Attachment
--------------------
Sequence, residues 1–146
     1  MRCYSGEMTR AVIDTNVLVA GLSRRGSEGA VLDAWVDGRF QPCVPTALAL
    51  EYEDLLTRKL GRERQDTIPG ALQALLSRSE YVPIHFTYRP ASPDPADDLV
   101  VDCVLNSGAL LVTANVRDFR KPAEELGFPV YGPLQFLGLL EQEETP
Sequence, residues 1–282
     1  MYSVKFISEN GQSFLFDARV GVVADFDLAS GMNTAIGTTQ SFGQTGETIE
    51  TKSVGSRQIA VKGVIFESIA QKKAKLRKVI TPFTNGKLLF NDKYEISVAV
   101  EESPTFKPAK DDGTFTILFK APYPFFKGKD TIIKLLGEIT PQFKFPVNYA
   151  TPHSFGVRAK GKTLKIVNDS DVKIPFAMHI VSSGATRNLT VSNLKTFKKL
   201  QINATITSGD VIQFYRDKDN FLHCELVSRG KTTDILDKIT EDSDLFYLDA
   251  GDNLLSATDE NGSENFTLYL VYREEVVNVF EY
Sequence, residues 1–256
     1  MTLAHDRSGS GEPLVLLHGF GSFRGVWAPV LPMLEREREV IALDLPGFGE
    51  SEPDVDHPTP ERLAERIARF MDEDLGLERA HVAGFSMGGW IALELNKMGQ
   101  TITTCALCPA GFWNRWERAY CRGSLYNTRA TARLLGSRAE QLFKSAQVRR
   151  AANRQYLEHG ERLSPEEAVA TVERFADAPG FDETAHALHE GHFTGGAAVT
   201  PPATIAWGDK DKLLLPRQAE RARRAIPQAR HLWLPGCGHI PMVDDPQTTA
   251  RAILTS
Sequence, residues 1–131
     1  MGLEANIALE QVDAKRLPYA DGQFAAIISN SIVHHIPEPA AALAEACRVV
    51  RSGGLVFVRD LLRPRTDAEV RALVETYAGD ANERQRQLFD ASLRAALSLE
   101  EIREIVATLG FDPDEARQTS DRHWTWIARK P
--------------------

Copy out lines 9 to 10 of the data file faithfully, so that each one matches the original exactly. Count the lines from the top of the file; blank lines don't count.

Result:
   151  TPHSFGVRAK GKTLKIVNDS DVKIPFAMHI VSSGATRNLT VSNLKTFKKL
   201  QINATITSGD VIQFYRDKDN FLHCELVSRG KTTDILDKIT EDSDLFYLDA